Anoxia survival in common carp and crucian carp is related to high zinc concentration in tissues
Article first published online: 2 JUN 2008
© 2008 Japanese Society of Fisheries Science
Volume 74, Issue 3, pages 627–634, June 2008
How to Cite
JENG, S. S., LIN, T. Y., WANG, M. S., CHANG, Y. Y., CHEN, C. Y. and CHANG, C. C. (2008), Anoxia survival in common carp and crucian carp is related to high zinc concentration in tissues. Fisheries Science, 74: 627–634. doi: 10.1111/j.1444-2906.2008.01567.x
- Issue published online: 2 JUN 2008
- Article first published online: 2 JUN 2008
- Received 16 May 2007. Accepted 4 December 2007.
- Carassius carassius;
- common carp;
- crucian carp;
- Cyprinus carpio;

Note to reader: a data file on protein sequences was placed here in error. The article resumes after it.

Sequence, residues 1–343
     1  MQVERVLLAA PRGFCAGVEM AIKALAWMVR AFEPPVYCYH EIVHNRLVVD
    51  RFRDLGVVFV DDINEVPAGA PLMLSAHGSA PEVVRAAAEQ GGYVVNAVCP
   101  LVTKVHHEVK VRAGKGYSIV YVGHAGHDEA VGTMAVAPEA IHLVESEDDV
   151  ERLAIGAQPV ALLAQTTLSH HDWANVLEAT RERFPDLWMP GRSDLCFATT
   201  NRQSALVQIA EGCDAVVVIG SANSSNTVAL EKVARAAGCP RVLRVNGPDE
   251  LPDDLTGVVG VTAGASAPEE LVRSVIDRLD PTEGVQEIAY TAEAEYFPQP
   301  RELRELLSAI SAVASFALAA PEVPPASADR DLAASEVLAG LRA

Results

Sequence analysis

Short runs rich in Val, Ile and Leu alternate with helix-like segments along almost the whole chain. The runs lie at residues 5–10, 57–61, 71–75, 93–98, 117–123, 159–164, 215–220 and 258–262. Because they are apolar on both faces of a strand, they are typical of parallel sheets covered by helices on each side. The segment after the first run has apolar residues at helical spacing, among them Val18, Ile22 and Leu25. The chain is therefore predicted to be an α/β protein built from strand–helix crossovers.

ABSTRACT: Ten lots of common carp and six lots of crucian carp (each lot of 100 fish) were treated under anoxia for five days at water temperatures of 25–31°C. The average per group mortality of common carp was 17%, but none of the 600 crucian carp died. The digestive tract tissues of the common carp that died had significantly lower zinc concentrations than those that survived (59 ± 41 vs 142 ± 60 μg/[g fresh tissue], P < 0.001). The digestive tract tissues of the crucian carp had mean zinc concentrations of 652 ± 458 μg/(g fresh tissue). One lot of common carp that had low tolerance for anoxia was fed a high zinc diet (2000 mg zinc/kg diet) for 1, 2 or 6 months and then subjected to 5 days anoxia. The survival rates of those fed the high zinc diet 1 and 2 months increased from 0 to 50%, respectively; all of fish that had fed a high zinc diet for 6 months survived. Thus, anoxia survival in common carp and crucian carp is closely related to the high concentrations of zinc in their tissues.